Creating a Smart Nation with the help of Fraunhofer Singapore
Fraunhofer is looking to make its mark in Asia—with Fraunhofer Singapore, established in 2017 as a successor to the Fraunhofer IDM@NTU Project Center. Singapore aims to become a “Smart Nation” and Fraunhofer can contribute in a number of ways—with pioneering technologies in manufacturing, urban development, transportation and workplace design.
Eight is considered a lucky number in Asia. So it is perhaps a positive omen that Fraunhofer Singapore—established in 2017 as a successor to the IDM@NTU Project Center—is the eighth Fraunhofer subsidiary outside Germany. Fraunhofer Singapore’s research activities are an excellent fit with the city-state’s vision of becoming a Smart Nation. With the digital transformation of life, work, entertainment, and communication, Fraunhofer Singapore will be able to contribute with a number of groundbreaking technologies.
Industry 4.0 is much in demand
Take manufacturing: Germany’s Industry 4.0 initiative has created a brand that puts Fraunhofer Singapore in a prime position, not least as the Lion City is still negotiating the early stages of this development. One example is intelligent support for the maintenance and repair of complex plant and equipment. A tablet-based augmented reality application provides the worker with instructions that are superimposed on the physical machinery, guiding them through their task step-by-step. This software can also be leveraged to effectively train new employees. Moreover, the system allows Singapore-based companies to offer customers enhanced service packages, generating competitive advantage.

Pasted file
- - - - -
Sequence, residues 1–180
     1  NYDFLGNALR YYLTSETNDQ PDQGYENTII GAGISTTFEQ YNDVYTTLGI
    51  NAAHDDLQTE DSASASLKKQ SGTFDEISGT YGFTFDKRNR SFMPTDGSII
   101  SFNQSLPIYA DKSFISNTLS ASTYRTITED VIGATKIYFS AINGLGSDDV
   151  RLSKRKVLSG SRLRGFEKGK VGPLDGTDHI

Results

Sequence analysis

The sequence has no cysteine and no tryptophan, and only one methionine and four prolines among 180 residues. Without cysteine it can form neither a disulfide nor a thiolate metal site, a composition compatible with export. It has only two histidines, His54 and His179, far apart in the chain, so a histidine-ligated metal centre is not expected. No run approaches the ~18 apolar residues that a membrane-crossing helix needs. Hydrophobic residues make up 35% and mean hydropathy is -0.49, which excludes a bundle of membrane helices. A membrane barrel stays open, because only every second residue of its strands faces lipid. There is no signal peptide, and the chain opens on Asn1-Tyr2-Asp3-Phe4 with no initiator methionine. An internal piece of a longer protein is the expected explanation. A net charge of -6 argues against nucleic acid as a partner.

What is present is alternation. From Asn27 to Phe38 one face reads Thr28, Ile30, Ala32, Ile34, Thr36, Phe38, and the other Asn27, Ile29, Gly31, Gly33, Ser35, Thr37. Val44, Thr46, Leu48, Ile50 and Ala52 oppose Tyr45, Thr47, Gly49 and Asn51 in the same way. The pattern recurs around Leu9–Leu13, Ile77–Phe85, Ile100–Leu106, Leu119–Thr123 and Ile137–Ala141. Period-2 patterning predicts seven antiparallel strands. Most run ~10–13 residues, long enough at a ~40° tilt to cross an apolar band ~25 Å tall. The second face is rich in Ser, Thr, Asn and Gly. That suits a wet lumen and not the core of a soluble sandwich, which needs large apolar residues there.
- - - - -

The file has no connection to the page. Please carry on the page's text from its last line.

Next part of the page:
A Smart Nation cannot limit its vision to factories and workshops. It must consider other vital areas of modern society, such as smart personal mobility. Fraunhofer Singapore, for instance, intends to design and plan the bus stops of the future with the help of virtual reality (VR), based on actual transportation data provided by the local authorities. How do people behave and move? Are passengers able to board and alight with ease and speed? These and similar questions can be addressed and answered in advance with VR. Visual computing also offers great potential in another area: the goal of a Smart Port.
A three-dimensional model of the city
Plans are in place to create a digital model of the entire city-state as the basis for improved services. Similar to recent developments in manufacturing, digital and physical objects will “talk to each other” and coordinate their actions—creating what is dubbed a cyber-physical system. Fraunhofer Singapore plays a key role in this project, developing algorithms that enable the rapid and automated three-dimensional depiction of buildings and other structures.
Better working environments with brain-computer interfaces
A further key focus is workplace performance and well-being. Is the environment well designed? The brain-computer interface from Fraunhofer Singapore offers actionable insights. This “skull cap” measures and interprets human brain impulses—offering adaptive assistance comparable to ABS or parking assistants for cars.